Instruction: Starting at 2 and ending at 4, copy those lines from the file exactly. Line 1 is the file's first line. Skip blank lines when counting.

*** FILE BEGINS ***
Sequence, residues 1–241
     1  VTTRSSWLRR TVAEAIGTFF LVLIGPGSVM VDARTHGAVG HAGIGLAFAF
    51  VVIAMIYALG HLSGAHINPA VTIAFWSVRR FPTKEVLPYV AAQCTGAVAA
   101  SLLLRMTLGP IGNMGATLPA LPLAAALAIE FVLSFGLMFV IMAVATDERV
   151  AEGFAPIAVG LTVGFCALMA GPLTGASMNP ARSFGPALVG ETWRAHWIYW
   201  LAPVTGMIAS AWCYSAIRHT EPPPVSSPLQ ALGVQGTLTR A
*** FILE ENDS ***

     1  VTTRSSWLRR TVAEAIGTFF LVLIGPGSVM VDARTHGAVG HAGIGLAFAF
    51  VVIAMIYALG HLSGAHINPA VTIAFWSVRR FPTKEVLPYV AAQCTGAVAA
   101  SLLLRMTLGP IGNMGATLPA LPLAAALAIE FVLSFGLMFV IMAVATDERV